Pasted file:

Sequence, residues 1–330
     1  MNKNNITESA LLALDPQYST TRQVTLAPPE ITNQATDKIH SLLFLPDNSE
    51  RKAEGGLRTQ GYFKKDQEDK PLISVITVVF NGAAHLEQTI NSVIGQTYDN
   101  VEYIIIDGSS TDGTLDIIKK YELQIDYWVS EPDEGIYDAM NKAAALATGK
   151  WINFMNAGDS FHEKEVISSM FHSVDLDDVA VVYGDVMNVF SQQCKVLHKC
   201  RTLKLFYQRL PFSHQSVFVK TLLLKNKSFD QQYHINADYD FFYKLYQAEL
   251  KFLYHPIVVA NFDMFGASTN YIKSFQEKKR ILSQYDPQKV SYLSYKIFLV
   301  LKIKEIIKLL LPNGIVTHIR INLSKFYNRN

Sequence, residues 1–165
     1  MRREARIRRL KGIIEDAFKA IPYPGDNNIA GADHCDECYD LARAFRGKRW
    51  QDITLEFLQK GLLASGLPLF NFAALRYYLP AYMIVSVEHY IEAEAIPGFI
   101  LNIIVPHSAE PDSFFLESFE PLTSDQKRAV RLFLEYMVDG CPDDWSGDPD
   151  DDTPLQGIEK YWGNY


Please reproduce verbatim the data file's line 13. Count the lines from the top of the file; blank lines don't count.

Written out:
   151  DDTPLQGIEK YWGNY